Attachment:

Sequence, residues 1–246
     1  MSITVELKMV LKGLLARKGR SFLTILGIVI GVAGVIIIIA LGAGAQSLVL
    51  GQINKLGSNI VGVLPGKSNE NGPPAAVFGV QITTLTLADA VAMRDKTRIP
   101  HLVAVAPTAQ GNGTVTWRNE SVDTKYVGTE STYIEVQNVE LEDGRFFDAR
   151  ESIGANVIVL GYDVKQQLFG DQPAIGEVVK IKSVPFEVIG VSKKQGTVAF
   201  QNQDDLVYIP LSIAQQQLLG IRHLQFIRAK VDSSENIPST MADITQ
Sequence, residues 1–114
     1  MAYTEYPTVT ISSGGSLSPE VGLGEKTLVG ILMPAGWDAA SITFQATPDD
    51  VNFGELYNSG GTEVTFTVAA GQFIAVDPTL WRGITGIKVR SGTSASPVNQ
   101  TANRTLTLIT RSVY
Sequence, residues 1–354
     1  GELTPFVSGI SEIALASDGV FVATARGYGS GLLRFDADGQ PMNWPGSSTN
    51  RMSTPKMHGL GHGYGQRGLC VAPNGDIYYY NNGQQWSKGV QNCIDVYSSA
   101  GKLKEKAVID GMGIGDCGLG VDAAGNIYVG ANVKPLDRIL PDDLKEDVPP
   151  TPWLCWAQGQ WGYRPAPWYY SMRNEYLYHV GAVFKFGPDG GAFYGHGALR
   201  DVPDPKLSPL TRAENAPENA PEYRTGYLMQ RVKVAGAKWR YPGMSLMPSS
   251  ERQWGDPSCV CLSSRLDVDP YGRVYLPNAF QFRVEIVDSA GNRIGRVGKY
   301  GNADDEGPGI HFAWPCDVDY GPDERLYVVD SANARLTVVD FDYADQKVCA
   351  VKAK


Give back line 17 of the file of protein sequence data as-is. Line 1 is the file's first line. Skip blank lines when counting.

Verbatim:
   251  ERQWGDPSCV CLSSRLDVDP YGRVYLPNAF QFRVEIVDSA GNRIGRVGKY